Australian Fund January Monthly Report
The Australian Shares Fund’s unit price appreciated 0.9% in January, 2.1% less than the benchmark All Ordinaries Accumulation Index.
The Fund was assisted by a meaningful drop in the Australian dollar, with its largest investment RNY Property Trust (RNY) rising 8% in January (RNY owns a portfolio of US office properties). It wasn’t enough to match the wider market, though. Yield starved investors, rightfully concerned about the potential for further interest rate cuts, have been pushing the likes of Telstra (TLS) and the big banks to record highs. While we don’t own these large capitalisation stocks, we are very well placed for a lower dollar, low interest rates and a weak Australian economy. That should become more obvious to the market as the Fund’s less closely watched stocks report their half- or full-year results during February.
ThinkSmart (TSM) announced the finalisation of its large offmarket buyback (we expressed our concerns about this transaction in the November Monthly Update). The Fund’s shares were opportunistically tendered at a price of $0.42, the upper end of the range provided by the board and about 25% above the market price in the weeks prior. Somewhat surprisingly, the board accepted the bid at this price even though they had to scale it back to two thirds of the shares tendered. The Fund still has one third of its original holding and the company may still delist or move its listing to the UK but it has been an excellent investment come what may now.
Plummeting share prices of mining services stocks might lead you to think otherwise, but they are not all going bust. Not yet, anyway. All three of the Australian fund’s mining services stocks reported news during January. For two of them, it was positive.
Hughes Drilling (HDX) announced two new contract wins. The first, a three year contract with options to extend for a further two years, is with Glencore at its recently reopened Collinsville coal mine in Queensland. The second is a short-term contract with BHP Billiton (BHP) at its Mount Arthur coal mine in NSW. Both will use existing equipment and they increase the company’s utilisation rate to an estimated 88%, a level at which it should be nicely profitable.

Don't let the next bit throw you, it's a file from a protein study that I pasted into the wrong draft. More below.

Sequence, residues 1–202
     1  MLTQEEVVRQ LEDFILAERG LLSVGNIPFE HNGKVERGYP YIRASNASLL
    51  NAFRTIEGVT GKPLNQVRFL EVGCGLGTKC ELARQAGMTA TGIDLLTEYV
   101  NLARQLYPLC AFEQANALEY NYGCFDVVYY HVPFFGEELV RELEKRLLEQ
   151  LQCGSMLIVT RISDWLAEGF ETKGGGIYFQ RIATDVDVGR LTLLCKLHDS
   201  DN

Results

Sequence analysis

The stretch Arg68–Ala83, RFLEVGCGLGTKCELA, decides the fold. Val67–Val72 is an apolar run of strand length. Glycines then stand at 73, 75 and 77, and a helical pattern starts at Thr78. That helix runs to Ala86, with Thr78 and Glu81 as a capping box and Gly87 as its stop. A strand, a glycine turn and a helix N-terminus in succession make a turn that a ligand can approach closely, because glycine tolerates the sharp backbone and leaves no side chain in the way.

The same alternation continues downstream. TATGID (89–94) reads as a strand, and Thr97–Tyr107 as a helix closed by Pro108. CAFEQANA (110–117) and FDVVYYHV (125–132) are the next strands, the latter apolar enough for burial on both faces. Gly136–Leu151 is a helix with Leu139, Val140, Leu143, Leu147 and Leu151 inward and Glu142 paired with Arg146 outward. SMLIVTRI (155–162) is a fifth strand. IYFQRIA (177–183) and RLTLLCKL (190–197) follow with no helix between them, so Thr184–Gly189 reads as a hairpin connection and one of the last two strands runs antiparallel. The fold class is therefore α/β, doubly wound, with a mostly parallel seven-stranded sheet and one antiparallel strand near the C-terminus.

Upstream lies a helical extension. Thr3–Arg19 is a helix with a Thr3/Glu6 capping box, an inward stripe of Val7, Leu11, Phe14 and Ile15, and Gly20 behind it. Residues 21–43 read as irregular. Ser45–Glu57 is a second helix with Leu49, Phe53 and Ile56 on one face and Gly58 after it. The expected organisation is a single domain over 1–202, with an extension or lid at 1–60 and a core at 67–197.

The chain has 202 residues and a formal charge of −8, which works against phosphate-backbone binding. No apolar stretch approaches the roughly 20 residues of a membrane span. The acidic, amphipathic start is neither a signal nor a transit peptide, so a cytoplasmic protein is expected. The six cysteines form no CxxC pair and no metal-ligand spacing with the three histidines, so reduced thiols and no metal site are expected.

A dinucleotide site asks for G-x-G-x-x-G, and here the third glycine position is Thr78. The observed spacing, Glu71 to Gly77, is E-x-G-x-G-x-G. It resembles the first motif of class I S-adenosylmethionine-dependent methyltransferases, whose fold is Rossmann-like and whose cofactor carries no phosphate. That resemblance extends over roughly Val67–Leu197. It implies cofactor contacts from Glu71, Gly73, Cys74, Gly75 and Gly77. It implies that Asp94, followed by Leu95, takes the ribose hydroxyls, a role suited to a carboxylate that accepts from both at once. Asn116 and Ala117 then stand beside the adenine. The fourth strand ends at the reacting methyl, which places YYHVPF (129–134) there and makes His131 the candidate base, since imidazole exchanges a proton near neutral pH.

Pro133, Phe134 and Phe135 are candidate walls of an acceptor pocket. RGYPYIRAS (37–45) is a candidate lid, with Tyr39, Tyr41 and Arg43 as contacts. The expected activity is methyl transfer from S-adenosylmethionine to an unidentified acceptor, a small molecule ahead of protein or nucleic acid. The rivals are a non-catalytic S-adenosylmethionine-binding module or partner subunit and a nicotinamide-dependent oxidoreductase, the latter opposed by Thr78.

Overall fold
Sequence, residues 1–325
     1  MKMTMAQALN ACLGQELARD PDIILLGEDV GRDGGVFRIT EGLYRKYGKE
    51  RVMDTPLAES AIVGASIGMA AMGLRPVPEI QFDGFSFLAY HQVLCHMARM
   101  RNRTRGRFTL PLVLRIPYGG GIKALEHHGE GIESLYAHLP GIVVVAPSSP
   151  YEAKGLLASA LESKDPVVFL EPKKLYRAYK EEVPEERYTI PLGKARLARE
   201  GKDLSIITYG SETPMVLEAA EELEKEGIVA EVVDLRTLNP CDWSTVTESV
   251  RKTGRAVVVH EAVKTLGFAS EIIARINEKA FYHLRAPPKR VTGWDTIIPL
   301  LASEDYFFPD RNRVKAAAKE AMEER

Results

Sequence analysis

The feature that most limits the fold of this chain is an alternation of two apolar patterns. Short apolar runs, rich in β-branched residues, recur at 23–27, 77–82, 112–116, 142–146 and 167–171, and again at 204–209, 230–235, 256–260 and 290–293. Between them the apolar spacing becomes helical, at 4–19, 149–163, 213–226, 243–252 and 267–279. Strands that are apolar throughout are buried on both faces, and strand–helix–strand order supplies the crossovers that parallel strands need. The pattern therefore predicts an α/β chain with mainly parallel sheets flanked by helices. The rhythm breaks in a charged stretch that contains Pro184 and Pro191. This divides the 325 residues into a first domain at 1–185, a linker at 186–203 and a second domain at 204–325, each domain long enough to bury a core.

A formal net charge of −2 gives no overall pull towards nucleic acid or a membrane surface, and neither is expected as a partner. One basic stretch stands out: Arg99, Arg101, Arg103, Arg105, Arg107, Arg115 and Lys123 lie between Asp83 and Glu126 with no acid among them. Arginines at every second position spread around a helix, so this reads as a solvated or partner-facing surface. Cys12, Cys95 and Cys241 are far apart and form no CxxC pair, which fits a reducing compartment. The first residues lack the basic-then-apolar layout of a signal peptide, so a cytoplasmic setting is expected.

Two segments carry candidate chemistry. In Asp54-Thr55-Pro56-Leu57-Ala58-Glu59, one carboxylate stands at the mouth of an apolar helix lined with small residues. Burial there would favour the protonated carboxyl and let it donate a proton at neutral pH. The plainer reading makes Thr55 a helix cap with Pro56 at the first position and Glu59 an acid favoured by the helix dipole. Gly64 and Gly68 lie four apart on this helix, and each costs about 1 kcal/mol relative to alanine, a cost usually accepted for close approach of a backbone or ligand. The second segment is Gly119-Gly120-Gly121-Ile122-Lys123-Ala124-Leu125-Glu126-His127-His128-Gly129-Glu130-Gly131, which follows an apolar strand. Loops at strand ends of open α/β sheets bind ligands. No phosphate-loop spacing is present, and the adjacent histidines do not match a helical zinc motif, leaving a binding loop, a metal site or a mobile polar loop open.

The Fund’s shining light in the space, Brierty (BYL), announced a significant new road contract with Main Roads Western Australia. The $69m worth of work guarantees a significant increase in revenue this financial year and provides a nice platform for the 2016 financial year as well. Most of the order book is now outside resources, although the WA government’s own finances are taking a hefty knock which may hinder the future allocation of work.
The non-shining light is Macmahon Holdings (MAH). The company announced the resignation of its CEO and Managing Director, Ross Carroll. His temporary replacement, Chairman Jim Walker, didn’t provide much in the way of rationale but you don’t sack your CEO when things are going swimmingly. Presumably Carroll’s $1.1m base salary was a problem for a company that now has a market capitalisation of $71m, but we’re worried there is more bad news to come. Macmahon’s share price fell 21% in January and is now down 59% since its healthy fullyear results announcement in August. Comparatively, Hughes Drilling was up 10% on very small volumes and Brierty rose 13%.